Metamorphic rocks are formed when their respective protoliths are exposed to immense heat and pressure; to an extent that this exposure brings about physical or chemical changes in them and results in formation of new rock.
While sandstone shatters into many grains, quartzite breaks across the grains. It is a non-foliated metamorphic rock formed during the metamorphism of sandstone.
These rocks are most often deduced from single mineral sedimentary rocks.
Because it has been squeezed harder than slate it is often found folded and crumpled. Shale or pelite Shale being the parent rock, is metamorphosed to become a fine grained phyllite, consisting of clay minerals.
Sometimes an invading granite magma permeates the rocks around, filling their joints and planes of bedding, etc.
Today, headstones are made from marble and granite because both of these rocks weather very slowly and carve well with sharp edges. Gneisses also, as a rule, contain more feldspar than schists do, and are tougher and less fissile. However, all minerals are stable only within certain limits, and the presence of some minerals in metamorphic rocks indicates the approximate temperatures and pressures at which they formed.
These huge forces of heat and pressure cause the rocks to be bent, folded, crushed, flattened, and sheared. Formation of Metamorphic Rocks Even though least common of the three types, these rocks are a bit unique as they form from an existing sedimentary rock, igneous rock or an old metamorphic rock.
The huge weight of overlying layers of sediments. Peridotite This rock is primarily composed of talc and contains small amount of chlorite, mica and amphiboles.
Marble has many color variances due to the impurities present at formation.
They are stable at high temperatures and pressures and may remain chemically unchanged during the metamorphic process. It is formed because of comparative low pressures and temperatures, and is referred to as low-grade metamorphism.
The heat and pressure of the Earth's crust bring about profound changes in terms of physical as well as chemical properties, and give new textures to the rock. Metamorphic rocks do not have pores or openings, and may be accompanied with visible layers of crystals.
Non-foliated metamorphic rocks do not have a platy or sheet-like structure. Today it is not very advantageous to use this rock because of its weight and the splitting and cracking over time.
The process requires millions of years in transformation. Many of the original minerals have been altered into flakes. Hornfel is non-foliated and its texture is banded. Shale This metamorphic rock is classified as medium grade, which means it has been formed by more pressure and heat compared to slate.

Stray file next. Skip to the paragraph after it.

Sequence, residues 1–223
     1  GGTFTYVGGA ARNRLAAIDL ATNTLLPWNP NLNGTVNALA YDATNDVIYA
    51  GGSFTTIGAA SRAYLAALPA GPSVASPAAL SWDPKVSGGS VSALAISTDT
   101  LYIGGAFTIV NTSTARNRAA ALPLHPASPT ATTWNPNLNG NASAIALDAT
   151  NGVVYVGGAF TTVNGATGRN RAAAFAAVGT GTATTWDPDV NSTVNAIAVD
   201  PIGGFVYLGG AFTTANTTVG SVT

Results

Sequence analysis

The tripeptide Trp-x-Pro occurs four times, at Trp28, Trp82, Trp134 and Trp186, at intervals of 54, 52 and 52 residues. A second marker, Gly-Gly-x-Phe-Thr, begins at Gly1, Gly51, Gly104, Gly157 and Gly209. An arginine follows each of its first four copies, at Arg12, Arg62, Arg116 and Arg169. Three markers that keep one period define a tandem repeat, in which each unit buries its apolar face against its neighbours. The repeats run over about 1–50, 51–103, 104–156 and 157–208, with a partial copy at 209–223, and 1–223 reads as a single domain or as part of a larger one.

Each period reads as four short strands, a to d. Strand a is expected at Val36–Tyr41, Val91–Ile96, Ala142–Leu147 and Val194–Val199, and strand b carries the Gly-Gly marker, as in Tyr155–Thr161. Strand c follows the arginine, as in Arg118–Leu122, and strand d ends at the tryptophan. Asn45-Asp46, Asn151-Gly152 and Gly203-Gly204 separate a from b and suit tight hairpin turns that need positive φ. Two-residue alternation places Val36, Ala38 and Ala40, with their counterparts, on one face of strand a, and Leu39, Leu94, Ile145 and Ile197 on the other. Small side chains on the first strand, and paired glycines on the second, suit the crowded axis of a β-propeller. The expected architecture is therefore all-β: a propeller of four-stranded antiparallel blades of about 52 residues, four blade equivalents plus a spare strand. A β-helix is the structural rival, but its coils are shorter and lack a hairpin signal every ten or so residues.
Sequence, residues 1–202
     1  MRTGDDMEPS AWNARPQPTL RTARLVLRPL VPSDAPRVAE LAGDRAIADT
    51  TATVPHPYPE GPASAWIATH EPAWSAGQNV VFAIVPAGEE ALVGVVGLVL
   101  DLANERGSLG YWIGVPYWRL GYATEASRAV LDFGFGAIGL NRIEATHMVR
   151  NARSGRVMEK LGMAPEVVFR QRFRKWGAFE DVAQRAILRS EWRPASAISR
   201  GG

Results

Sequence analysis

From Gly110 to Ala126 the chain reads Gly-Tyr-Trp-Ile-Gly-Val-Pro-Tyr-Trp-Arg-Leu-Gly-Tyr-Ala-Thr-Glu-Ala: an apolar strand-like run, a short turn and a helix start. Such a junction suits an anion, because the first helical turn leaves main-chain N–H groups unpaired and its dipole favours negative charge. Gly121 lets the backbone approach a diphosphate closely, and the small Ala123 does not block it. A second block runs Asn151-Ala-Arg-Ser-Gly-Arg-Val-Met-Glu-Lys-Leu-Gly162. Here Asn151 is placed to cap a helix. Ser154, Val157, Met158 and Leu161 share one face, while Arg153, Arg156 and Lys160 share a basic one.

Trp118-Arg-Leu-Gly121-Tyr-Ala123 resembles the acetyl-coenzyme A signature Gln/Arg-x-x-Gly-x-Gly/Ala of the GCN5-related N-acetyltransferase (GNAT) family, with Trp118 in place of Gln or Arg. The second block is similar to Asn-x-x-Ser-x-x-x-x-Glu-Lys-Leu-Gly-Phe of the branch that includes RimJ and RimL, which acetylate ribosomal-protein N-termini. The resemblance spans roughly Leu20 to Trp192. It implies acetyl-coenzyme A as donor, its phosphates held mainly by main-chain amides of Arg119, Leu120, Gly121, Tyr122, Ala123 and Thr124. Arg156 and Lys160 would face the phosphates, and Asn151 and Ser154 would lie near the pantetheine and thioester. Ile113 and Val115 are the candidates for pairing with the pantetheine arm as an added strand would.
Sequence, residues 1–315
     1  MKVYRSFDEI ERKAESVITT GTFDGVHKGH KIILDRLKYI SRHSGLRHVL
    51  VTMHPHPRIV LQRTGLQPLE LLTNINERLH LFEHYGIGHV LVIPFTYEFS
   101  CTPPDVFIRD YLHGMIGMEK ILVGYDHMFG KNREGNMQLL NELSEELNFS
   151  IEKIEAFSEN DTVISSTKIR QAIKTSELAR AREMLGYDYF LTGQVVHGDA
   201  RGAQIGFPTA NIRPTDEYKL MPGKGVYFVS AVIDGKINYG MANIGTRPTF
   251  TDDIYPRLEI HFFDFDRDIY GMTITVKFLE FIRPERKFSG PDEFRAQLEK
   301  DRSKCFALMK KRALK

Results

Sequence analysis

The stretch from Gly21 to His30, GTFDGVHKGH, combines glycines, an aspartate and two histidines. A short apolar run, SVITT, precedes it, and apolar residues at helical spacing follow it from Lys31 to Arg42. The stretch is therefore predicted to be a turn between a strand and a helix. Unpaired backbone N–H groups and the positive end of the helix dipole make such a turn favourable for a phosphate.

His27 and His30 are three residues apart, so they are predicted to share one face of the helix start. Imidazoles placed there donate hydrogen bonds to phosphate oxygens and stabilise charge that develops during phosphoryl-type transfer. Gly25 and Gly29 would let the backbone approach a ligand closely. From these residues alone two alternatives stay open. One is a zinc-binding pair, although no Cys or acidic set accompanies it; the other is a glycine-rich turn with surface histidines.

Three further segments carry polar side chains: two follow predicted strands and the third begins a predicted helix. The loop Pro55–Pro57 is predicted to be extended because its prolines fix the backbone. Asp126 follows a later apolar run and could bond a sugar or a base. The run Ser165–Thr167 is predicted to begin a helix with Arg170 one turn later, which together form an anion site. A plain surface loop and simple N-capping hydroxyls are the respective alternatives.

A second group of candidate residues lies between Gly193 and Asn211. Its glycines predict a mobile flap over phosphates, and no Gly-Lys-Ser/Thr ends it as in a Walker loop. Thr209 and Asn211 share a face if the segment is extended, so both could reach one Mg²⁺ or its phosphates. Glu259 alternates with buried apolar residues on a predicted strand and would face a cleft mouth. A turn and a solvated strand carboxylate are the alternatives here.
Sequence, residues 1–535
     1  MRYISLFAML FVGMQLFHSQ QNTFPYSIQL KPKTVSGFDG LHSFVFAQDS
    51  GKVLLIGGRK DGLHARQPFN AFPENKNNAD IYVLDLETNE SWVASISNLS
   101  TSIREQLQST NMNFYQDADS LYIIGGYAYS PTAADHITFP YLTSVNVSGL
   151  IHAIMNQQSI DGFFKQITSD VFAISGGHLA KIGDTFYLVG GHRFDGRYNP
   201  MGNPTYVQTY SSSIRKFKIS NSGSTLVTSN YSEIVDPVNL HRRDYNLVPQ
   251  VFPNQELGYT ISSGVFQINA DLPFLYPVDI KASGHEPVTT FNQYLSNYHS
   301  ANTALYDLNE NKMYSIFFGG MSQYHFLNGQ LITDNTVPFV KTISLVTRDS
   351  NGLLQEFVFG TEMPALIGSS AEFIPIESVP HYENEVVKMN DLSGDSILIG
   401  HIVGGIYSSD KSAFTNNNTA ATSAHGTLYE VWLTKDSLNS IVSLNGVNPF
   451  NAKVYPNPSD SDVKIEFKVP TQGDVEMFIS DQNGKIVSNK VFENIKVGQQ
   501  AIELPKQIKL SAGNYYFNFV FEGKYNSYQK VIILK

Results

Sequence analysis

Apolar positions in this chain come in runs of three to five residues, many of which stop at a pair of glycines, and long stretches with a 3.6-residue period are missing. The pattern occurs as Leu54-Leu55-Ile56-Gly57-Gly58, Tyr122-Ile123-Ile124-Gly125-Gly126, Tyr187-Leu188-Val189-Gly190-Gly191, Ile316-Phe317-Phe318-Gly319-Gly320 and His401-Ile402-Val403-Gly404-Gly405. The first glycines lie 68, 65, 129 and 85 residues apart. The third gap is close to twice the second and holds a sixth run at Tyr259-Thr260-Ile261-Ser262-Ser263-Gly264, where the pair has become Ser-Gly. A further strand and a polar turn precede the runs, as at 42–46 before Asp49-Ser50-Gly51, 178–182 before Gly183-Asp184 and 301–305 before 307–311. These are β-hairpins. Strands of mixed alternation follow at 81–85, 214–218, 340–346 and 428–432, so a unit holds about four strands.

It appears similar to granite. Basalt The rock consists of amphiboles, is generally dark-colored and heavy, with a weakly foliated structure. Limestone or dolomite Both dolomite and limestone contain calcium carbonate in large concentrations. The best way of learning their various types is by handling and seeing them in reality.
The change in the particle size of the rock during the process of metamorphism is called recrystallization. Marble Marble is among the non-foliated metamorphic rocks produced from the metamorphism of dolostone or limestone. These more intense stages of alteration are not so commonly seen in igneous rocks, because their minerals, being formed at high temperatures, are not so easily transformed or recrystallized.
Some of the different colors of marble are white, red, black, mottled and banded, gray, pink, and green. It is formed when sandstone comes into contact with magma that is deeply buried. The formation of metamorphic rock and the rocks they originated from.
Jan 26, · Metamorphic rock is the result of the transformation of a pre-existing rock type, the protolith, in a process called metamorphism, which means "change in form".
Metamorphic rock is formed underground through a process that changes a rock's molecular structure due to pressure, heat and chemical reactions. A metamorphic rock forms from a parent rock called a protolith.
Depending on conditions, a protolith can transform into any metamorphic rock. Formation of metamorphic rocks. As the Earth's plates move over geologic time, a plate containing igneous or sedimentary rock may become subducted under another plate.
The sheer weight of the material above it can cause the rock to undergo metamorphism. In some cases, heat from the Earth's interior can melt the rock slightly, in a process.
The diagram above shows you where metamorphic rock (YELLOW ZONE) can be produced at a subduction zone. There are 3 factors that cause an increase in pressure which also causes the formation of metamorphic rocks.
The name metamorphic rock defines their formation whereby ‘meta’ means change and ‘morph’ means ‘form.’ Hence, metamorphic rocks are those whose forms have been changed through geological process such as large tectonic movements and magma intrusions.Metamorphic rock formation